“The fact remains, though, that we are a long way from finding either a prevention or cure for the nation’s most expensive disease. Finding a solution is almost certainly going to require significant sums of federal research funding. Getting that additional funding, in turn, is going to require greater efforts to make Alzheimer’s one of the diseases that enjoy political favor and thus the support of politicians…”

These excerpts were taken from Where’s the War on Alzheimer’s by T.R. Reid

T.R. Reid’s recent book, The Healing of America and his PBS Frontline documentary, “Sick around the World,” studied health care systems in industrialized democracies.

Two Highly-Rated Foundations according to Charity Navigator: 

Alzheimer's Foundation of America, 322 Eighth Avenue, 7th Floor, New York, NY 10001 (866) 232-8484

Fisher Center for Alzheimer's Research Foundation, 110 East 42nd Street, 16th Floor, New York, NY 10017 (800) 259-4636


  1. Thank u for sharing this important information, since I have watched my mom and now two of her younger brothers losing their memories. Let alone the dignity they lose by not being able to do anything for themselves, so it takes a lot of patiences as well as respite for the caregiver.

  2. Alzheimer's and dementia basics:

    • Alzheimer's is the most common form of dementia, a general term for memory loss and other intellectual abilities serious enough to interfere with daily life. Alzheimer's disease accounts for 60 to 80 percent of dementia cases.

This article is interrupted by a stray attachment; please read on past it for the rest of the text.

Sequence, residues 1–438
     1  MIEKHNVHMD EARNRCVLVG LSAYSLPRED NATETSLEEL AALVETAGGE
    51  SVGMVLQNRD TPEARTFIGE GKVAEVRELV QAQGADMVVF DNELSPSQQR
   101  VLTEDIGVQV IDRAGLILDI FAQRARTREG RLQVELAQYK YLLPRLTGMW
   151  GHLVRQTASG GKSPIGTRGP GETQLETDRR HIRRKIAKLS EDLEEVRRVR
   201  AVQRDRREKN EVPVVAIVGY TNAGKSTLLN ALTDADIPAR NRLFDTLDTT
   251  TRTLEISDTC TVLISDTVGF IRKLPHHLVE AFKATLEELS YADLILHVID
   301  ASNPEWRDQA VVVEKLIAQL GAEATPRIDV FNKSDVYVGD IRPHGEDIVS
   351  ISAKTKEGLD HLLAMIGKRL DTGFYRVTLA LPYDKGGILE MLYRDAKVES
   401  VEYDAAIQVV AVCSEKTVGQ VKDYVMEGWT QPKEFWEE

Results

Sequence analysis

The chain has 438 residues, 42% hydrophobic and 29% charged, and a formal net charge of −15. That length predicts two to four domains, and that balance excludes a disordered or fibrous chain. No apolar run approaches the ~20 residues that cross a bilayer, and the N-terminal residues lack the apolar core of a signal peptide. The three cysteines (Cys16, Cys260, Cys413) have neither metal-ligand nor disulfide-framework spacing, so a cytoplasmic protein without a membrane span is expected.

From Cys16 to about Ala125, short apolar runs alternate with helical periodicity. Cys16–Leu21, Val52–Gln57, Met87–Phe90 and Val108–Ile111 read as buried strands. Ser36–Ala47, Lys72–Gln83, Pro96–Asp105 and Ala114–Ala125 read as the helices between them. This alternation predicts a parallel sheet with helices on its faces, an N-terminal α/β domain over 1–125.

• Alzheimer's is not a normal part of aging, although the greatest known risk factor is increasing age, and the majority of people with Alzheimer's are 65 and older. But Alzheimer's is not just a disease of old age. Up to 5 percent of people with the disease have early onset Alzheimer's (also known as younger-onset), which often appears when someone is in their 40s or 50s.
    • Alzheimer's worsens over time. Alzheimer's is a progressive disease, where dementia symptoms gradually worsen over a number of years. In its early stages, memory loss is mild, but with late-stage Alzheimer's, individuals lose the ability to carry on a conversation and respond to their environment. Alzheimer's is the sixth leading cause of death in the United States. Those with Alzheimer's live an average of eight years after their symptoms become noticeable to others, but survival can range from four to 20 years, depending on age and other health conditions.
    • Alzheimer's has no current cure, but treatments for symptoms are available and research continues. Although current Alzheimer's treatments cannot stop Alzheimer's from progressing, they can temporarily slow the worsening of dementia symptoms and improve quality of life for those with Alzheimer's and their caregivers. Today, there is a worldwide effort under way to find better ways to treat the disease, delay its onset, and prevent it from developing.